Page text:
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sleeping on pillow


Pillow Use Suggestions

Selling organic and natural fiber pillows for ten years has given us insight on some good tips for using a pillow.

First, match the pillow to your mattress.  The same pillow that works well on a firm mattress may not work as well on a softer mattress.  For instance, a pillow that raises the head six inches while on a firm mattress, may raise the head eight or ten inches on a soft mattress.  That’s because a person’s body sinks farther into a soft mattress than it sinks into a firm mattress, making the pillow effectively raise the head higher because the body is lower in a softer mattress.

Next, match the pillow to your sleeping style.  In general, back-sleepers are more comfortable with a lower height pillow and side-sleepers are more comfortable with a higher pillow.  A pillow that is too high for back sleepers will push the head up too far, craning the neck.  A pillow that is too low for side-sleepers will cause the head to droop down, putting more weight on the shoulders.

Here are some other tips.  When a side-sleeper puts their lower arm underneath the pillow, it can result in pinched nerves which can cause the arm to temporarily lose feeling.  An arm under the pillow is usually a sign that the pillow is too low for side sleeping.  Consider a taller pillow.  Keep arms to sides or on top of pillow.

When side sleeping, pull the edge of the pillow into the crook of the neck, between the neck and shoulder.  When the edge of the pillow is between the neck and shoulder, it supports the head more completely. Don’t let the pillow get under the shoulder, else it can raise the shoulder relative to the neck and cause neck or shoulder pain.

When back sleeping, keep the pillow under the head only.  Don’t let the pillow get under the shoulders, else cervical support will be lessened.  If the pillow is too tall to have only under the head, consider a lower/thinner pillow.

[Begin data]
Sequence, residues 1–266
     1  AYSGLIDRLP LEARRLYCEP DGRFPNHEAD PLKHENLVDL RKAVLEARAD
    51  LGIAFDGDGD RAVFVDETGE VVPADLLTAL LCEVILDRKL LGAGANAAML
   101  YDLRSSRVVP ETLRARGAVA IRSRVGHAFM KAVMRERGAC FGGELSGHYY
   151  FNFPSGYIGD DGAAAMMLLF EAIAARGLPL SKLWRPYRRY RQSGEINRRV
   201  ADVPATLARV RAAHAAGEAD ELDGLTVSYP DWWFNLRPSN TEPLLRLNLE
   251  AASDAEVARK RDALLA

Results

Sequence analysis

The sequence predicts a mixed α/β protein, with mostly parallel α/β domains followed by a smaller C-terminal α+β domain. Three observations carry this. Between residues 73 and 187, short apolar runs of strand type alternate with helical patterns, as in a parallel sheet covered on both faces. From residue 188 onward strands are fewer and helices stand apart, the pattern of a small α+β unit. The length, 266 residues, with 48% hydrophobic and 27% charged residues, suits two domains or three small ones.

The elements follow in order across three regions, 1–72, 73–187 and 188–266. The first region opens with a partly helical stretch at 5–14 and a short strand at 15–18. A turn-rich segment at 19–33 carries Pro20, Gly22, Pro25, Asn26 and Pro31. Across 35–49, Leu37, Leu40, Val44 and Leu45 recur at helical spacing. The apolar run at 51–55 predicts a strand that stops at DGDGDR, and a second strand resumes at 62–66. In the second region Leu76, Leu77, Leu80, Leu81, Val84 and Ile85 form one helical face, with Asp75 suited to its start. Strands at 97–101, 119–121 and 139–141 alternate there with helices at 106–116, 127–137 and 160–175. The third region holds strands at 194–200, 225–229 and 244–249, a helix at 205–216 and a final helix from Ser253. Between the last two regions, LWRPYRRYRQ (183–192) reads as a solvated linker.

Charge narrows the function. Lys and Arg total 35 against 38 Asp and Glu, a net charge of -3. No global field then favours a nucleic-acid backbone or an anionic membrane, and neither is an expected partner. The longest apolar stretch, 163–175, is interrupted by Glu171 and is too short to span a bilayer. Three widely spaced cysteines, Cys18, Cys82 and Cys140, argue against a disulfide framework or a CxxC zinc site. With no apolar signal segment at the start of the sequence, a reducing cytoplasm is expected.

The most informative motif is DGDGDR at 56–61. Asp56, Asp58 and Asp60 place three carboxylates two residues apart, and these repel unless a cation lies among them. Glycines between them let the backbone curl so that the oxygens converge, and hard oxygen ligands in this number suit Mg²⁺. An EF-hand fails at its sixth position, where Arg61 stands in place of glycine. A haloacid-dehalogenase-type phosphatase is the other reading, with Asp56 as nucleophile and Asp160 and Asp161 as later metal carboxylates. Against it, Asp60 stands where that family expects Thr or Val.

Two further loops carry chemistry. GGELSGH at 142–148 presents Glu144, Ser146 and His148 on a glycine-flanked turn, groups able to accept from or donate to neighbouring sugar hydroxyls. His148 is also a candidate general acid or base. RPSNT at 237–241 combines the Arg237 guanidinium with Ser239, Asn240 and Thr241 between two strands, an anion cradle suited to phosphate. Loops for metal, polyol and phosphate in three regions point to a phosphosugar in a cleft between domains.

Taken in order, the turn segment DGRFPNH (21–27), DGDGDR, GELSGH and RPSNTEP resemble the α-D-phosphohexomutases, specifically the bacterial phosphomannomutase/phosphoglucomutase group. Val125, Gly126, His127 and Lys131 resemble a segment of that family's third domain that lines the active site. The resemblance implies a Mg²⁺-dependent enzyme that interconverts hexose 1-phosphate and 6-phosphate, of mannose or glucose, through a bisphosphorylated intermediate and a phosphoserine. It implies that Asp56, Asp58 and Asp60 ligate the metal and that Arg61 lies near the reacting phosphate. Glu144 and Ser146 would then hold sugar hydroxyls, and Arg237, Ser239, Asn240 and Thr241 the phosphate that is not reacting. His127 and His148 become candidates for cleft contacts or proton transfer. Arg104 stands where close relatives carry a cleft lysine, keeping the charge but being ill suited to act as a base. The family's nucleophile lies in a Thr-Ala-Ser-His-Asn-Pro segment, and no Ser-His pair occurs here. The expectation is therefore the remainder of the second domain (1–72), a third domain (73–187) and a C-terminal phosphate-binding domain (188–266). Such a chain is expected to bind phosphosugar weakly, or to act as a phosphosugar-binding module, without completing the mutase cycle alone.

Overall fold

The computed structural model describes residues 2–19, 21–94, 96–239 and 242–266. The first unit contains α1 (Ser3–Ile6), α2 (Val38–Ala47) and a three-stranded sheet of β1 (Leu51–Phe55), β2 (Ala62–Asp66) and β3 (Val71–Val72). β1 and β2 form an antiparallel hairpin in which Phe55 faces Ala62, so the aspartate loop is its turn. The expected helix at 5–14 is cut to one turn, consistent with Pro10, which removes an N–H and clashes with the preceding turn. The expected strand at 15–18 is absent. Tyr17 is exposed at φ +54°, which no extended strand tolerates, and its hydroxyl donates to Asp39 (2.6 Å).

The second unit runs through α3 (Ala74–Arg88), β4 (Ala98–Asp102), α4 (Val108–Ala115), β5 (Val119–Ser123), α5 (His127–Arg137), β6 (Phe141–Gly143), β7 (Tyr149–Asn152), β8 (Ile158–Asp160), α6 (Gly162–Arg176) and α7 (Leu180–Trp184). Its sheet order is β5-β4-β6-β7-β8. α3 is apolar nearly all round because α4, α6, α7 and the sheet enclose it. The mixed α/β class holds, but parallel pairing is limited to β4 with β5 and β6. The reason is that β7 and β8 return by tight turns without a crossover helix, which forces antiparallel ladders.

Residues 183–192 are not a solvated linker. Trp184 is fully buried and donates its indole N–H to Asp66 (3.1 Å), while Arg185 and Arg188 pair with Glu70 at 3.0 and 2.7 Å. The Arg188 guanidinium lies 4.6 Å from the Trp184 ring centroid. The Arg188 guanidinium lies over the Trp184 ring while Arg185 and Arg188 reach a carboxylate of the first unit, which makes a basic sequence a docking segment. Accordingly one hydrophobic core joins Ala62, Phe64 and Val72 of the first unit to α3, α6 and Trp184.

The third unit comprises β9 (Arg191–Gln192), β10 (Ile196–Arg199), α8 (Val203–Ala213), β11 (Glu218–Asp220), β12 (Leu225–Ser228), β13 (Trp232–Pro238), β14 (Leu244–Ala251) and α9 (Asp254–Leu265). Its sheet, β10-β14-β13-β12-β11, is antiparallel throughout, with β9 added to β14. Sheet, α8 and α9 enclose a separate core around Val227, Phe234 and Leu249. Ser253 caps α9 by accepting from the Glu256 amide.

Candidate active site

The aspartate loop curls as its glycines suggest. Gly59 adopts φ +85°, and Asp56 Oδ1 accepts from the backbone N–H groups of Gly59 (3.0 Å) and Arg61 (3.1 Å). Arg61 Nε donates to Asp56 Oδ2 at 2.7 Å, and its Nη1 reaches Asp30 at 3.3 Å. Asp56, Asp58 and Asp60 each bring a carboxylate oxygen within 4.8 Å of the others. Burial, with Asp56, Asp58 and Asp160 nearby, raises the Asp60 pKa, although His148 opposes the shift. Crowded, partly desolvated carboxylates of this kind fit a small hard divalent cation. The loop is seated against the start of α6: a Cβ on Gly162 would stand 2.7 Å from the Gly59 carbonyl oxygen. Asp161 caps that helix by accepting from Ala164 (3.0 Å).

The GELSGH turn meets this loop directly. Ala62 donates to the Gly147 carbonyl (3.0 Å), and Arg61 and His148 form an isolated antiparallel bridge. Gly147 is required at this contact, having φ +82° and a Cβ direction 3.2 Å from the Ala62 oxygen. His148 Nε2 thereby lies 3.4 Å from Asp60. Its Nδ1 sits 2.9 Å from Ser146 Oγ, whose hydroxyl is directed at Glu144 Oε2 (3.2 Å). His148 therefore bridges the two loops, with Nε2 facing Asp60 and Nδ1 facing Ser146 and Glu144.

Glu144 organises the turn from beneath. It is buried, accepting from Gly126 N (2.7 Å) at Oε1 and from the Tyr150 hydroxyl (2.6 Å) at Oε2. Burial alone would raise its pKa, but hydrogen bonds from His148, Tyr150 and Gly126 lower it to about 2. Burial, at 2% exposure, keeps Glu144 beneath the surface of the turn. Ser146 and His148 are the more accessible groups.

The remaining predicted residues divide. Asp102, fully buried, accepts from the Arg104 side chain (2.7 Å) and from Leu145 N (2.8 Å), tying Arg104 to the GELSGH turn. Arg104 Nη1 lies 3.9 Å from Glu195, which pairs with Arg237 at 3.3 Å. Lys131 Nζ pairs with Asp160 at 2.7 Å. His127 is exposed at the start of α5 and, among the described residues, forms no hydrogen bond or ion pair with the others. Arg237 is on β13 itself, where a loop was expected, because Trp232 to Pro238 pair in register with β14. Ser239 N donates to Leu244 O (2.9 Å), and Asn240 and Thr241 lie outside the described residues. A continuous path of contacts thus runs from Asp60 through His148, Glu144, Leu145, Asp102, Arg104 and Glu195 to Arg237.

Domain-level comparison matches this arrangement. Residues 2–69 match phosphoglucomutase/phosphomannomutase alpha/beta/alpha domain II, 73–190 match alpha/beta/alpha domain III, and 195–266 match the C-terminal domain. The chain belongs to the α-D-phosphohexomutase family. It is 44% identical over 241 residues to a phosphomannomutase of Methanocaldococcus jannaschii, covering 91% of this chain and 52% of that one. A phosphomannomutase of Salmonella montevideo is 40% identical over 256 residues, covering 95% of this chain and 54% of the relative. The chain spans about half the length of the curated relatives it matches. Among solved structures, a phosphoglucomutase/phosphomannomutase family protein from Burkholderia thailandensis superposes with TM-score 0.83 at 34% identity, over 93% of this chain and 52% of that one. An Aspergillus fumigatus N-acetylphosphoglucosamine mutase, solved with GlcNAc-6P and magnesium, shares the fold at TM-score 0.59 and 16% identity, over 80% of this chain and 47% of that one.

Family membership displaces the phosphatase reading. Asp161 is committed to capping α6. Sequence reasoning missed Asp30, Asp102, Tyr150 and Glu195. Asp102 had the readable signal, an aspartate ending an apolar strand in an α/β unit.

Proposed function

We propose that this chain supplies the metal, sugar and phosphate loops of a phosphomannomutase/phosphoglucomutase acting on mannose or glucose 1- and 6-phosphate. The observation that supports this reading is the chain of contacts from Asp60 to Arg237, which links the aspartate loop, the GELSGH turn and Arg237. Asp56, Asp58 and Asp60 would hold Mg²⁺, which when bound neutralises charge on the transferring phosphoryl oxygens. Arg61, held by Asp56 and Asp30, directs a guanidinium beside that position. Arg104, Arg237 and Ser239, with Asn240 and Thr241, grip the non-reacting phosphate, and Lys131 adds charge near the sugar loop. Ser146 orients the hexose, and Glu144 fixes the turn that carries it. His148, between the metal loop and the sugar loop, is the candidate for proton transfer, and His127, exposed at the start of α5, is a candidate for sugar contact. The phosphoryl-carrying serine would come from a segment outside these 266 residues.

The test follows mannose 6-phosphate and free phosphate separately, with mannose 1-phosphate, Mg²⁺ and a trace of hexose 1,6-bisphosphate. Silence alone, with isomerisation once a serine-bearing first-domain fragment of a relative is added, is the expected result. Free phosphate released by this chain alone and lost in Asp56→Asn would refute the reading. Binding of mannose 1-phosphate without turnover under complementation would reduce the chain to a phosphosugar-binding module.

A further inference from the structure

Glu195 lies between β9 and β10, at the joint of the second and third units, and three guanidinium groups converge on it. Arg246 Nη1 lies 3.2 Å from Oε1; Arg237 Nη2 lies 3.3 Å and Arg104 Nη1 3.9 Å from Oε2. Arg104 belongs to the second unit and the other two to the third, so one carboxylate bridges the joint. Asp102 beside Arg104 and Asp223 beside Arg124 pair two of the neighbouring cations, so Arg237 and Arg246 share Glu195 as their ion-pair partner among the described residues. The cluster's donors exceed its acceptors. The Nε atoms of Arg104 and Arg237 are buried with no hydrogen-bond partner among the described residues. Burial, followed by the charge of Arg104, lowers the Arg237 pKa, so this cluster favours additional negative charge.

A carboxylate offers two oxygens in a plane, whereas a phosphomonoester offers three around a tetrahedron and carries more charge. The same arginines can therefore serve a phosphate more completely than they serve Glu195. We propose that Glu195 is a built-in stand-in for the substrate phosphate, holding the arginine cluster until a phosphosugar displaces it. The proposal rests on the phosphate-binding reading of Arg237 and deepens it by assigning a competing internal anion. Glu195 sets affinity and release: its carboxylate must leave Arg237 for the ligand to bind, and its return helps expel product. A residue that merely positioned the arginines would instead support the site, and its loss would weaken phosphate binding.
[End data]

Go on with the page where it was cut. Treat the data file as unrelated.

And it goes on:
There may be a trade-off necessary with pillows that can’t be adjusted in height.  Many people alternate between sleeping positions, making it a challenge to find a pillow that is the right height.  Yet the right type of pillow can accommodate both sleeping styles. 

We recommend a pillow with loose fill, and a zipper that allows access to the fill. These typically come over-stuffed.  Being able to access the fill lets some of the fill be removed to reduce the height of the pillow if necessary.  Some common fillings are shredded latex, kapok fiber, goose-down or wool tufts.    Unzip the case and remove enough fill to match your sleeping style: remove a lot for back sleeping, or remove a little for side-sleeping.  Save any fill that has been removed.  If the pillow compresses over time, it can then be re-stuffed with the excess fill.

A pillow with loose fill also lets the pillow be formed or manipulated by the sleeper to accommodate more than one sleeping style.  For instance, when back sleeping, a depression can be made in the pillow perpendicular to the body, so that a neck-roll is created.  The fill in the center of the pillow can also be pushed to the perimeter, so that a low spot is created in the center of the pillow.  When side-sleeping, the pillow can be bunched-up, or compressed laterally to increase its height.


We have several pillows with adjustable fill.